Isolated cases of serotonin syndrome have been reported in patients using triptans and SNRIs or SSRIs.
In 2006, the FDA issued a warning of possible serotonin syndrome in patients receiving triptans together with either selective serotonin/norepinephrine reuptake inhibitors (SNRIs) or selective serotonin reuptake inhibitors (SSRIs).1 Despite periodic reports providing evidence that the combination is not dangerous, the warning persists in the triptan labeling. Given that about 1/4 of patients on triptans receive SNRIs or SSRIs, it probably contributes substantially to “alert fatigue” for pharmacists. New evidence has appeared regarding the clinical importance of this interaction.
REASON FOR THE WARNING
Isolated cases of serotonin syndrome have been reported in patients using triptans and SNRIs or SSRIs,2-4 and the FDA apparently has received additional reports. It was not clear, however, that all the patients actually had serotonin syndrome, and it is possible that the reactions were caused by the SNRI or SSRI alone or by some other serotonergic drug given concurrently with it. The evidence in support of serotonin syndrome from triptans plus SNRIs or SSRIs, therefore, is meager.
A 14-year electronic health records study looked at data from 19,017 patients who had concurrently received a triptan and an SNRI or SSRI.5 Just 2 patients were classified as having definite serotonin syndrome. These data are consistent with previous clinical and pharmacokinetic studies that failed to observe serotonin syndrome in more than 2000 patients receiving triptans and SSRIs.6-10 Although we cannot rule out the possibility that isolated patients on the combination may develop serotonin syndrome, the risk appears to be extraordinarily low. Indeed, the risk may be similar to the extremely small risk of sero- tonin syndrome from the use of SSRIs alone.5
In addition, from a theoretical standpoint, triptans should not interact with SNRIs or SSRIs to produce serotonin syndrome. The condition is thought to be mediated by 5HT2A receptors and possibly 5HT1A, yet the affinity of triptans is primarily for 5HT1B and 5HT1D receptors. Pharmacokinetic interactions are possible because frovatriptan and zolmitriptan are metabolized by CYP1A2, and fluvoxamine is a potent inhibitor of CYP1A2. Although this would not result in serotonin toxicity, it would be prudent to avoid these triptans in patients receiving fluvoxamine.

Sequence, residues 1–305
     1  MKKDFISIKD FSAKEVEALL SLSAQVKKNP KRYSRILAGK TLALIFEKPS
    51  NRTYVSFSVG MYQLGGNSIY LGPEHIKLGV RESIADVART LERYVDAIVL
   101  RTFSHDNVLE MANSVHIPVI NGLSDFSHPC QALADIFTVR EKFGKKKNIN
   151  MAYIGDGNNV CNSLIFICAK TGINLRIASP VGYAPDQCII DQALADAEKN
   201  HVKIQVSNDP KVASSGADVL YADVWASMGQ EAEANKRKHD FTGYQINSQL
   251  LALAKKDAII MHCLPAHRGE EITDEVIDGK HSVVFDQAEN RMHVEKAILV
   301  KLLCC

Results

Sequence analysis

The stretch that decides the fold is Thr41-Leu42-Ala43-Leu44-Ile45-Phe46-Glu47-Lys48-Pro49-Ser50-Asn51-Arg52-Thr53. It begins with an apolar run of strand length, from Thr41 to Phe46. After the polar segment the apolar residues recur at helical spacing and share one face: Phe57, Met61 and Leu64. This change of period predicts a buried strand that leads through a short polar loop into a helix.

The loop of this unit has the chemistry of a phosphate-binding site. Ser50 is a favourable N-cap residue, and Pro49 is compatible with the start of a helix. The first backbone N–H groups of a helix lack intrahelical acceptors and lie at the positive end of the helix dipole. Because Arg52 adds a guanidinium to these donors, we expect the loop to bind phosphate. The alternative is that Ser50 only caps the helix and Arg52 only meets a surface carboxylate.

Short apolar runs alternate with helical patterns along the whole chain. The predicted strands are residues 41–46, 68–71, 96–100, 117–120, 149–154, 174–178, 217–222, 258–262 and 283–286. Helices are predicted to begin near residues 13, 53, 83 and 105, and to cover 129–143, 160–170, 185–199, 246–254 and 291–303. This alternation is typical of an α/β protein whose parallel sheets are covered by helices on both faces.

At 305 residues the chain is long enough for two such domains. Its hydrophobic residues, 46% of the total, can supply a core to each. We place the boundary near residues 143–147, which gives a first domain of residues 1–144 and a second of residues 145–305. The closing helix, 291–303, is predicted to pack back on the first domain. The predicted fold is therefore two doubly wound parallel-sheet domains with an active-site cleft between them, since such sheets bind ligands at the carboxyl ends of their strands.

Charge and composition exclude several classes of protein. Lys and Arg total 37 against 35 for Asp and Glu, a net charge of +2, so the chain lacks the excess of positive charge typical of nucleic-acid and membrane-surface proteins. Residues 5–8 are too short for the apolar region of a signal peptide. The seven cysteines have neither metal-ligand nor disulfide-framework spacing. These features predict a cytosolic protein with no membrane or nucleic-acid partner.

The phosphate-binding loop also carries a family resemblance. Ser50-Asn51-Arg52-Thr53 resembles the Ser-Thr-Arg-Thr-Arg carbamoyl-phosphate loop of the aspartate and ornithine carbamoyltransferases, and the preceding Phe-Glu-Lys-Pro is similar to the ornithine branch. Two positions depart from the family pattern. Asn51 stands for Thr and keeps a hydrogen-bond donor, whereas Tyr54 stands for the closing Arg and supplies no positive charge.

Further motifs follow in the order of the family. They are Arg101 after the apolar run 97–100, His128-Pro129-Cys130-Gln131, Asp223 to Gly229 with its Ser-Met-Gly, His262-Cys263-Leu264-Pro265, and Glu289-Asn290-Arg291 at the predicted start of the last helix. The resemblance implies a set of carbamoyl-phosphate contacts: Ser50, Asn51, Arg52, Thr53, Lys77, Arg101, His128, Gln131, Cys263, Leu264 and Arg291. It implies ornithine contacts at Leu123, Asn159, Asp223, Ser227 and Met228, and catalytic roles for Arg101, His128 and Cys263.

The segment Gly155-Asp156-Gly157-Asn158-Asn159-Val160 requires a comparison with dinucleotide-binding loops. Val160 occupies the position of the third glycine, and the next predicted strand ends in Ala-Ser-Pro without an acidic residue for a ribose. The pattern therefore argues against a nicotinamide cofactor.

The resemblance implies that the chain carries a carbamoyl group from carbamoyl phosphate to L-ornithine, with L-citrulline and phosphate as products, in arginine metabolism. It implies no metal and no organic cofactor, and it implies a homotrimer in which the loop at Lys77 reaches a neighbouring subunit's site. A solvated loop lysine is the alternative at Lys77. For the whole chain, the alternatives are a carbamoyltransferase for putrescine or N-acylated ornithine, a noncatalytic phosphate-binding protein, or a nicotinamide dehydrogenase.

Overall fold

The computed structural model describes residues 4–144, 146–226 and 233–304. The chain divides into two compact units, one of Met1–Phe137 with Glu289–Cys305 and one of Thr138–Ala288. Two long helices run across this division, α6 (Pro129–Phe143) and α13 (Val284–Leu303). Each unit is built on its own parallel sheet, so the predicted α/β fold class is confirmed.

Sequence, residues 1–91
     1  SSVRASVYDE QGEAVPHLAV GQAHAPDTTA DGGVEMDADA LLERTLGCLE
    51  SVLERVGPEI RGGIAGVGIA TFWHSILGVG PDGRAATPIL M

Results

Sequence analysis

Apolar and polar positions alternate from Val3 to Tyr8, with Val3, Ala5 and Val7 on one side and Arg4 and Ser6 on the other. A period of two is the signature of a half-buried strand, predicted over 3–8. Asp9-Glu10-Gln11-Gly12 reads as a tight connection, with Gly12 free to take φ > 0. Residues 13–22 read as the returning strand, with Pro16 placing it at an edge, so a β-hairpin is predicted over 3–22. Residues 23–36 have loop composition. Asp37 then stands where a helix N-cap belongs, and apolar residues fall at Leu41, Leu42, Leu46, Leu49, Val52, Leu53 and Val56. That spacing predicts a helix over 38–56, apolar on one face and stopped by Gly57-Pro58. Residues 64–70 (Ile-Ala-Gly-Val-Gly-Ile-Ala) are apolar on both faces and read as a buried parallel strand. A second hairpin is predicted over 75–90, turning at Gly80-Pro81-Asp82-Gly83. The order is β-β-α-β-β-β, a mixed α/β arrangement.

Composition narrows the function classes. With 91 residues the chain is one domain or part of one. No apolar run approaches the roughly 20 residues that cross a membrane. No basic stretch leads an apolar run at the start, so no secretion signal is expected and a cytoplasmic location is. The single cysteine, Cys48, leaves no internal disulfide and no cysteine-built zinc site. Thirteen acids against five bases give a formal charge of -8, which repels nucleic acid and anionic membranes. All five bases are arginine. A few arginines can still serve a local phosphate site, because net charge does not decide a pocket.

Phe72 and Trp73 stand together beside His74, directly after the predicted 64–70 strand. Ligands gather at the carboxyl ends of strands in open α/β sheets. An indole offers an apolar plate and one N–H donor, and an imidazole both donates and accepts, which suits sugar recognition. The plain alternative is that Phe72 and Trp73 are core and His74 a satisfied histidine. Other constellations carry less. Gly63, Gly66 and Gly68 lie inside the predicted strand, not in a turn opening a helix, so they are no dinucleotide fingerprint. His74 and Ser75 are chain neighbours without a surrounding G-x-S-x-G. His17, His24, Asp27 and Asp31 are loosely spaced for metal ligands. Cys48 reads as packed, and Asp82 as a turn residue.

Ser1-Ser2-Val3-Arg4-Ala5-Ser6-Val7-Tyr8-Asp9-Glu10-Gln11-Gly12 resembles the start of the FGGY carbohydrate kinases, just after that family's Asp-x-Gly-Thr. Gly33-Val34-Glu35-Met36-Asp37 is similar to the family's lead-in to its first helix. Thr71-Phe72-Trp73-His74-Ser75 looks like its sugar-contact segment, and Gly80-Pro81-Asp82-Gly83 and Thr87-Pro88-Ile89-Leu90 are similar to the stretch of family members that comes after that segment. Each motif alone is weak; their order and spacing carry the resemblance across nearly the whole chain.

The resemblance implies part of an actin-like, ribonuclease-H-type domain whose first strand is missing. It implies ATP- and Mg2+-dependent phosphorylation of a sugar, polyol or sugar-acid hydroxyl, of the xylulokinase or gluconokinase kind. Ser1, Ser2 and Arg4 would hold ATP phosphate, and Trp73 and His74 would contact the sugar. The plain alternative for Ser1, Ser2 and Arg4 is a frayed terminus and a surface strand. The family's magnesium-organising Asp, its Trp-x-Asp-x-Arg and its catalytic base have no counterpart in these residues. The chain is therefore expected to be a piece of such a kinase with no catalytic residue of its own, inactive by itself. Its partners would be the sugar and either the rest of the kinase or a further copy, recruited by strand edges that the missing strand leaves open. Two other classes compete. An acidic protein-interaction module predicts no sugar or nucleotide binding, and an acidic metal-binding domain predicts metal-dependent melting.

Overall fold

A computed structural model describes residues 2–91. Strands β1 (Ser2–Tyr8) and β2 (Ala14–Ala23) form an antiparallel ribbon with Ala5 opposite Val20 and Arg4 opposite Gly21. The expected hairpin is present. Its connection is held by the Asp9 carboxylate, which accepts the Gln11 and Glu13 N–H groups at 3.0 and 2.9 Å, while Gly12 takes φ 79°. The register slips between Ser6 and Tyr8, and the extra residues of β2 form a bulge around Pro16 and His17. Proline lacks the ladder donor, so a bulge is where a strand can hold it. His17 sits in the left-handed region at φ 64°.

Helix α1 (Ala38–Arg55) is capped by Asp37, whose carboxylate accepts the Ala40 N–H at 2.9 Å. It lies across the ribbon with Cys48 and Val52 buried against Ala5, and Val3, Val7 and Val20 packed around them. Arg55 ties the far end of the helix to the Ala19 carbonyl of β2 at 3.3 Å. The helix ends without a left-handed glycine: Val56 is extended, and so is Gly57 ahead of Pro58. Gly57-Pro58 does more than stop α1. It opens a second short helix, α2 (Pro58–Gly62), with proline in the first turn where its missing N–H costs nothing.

Given the compelling evidence for an extremely low risk of serotonin syndrome in patients using triptans with SNRIs or SSRIs, it does not appear clinically necessary to warn prescribers about these interactions. Nonetheless, as long as the warnings remain on the triptan labels, it presents a dilemma for pharmacists. If, for example, the patient on a triptan and SSRI took some third drug with serotonergic effects, such as tramadol, the interaction between the SSRI and the tramadol might produce actual serotonin syndrome, and the triptan-SSRI combination might be falsely blamed for the adverse effect. An alternative to ignoring the interaction might be to advise the patient that the interaction is mentioned on the label but not generally considered to be clinically important. The patient also could be advised to be alert for symptoms of serotonin syndrome, especially the characteristic neuromuscular effects such as myoclonus, rigidity, and tremors. That would be useful even for patients on SNRIs or SSRIs because the syndrome occasionally occurs with the addition of other serotonergic agents.
Although isolated cases of serotonin syndrome have been reported with combined use of triptans with SNRIs or SSRIs, it is not clear that these cases represent an actual drug interaction.
Epidemiologic and pharmacokinetic studies suggest that the risk of serotonin syndrome from combining triptans with SNRIs or SSRIs is extraordinarily low and may be no higher than the use of SNRIs or SSRIs alone.
Given that the triptan labels warn of possible serotonin syndrome if SNRIs or SSRIs are used concurrently, there may be medicolegal considerations if the patient develops serotonin syndrome for whatever reason. Warning the patient about the signs and symptoms of serotonin syndrome is useful.
John R. Horn, PharmD, FCCP, and Philip D. Hansten, PharmD, are both professors of pharmacy at the University of Washington School of Pharmacy in Seattle. For an electronic version of this article, including the online table, visit hanstenandhorn.com.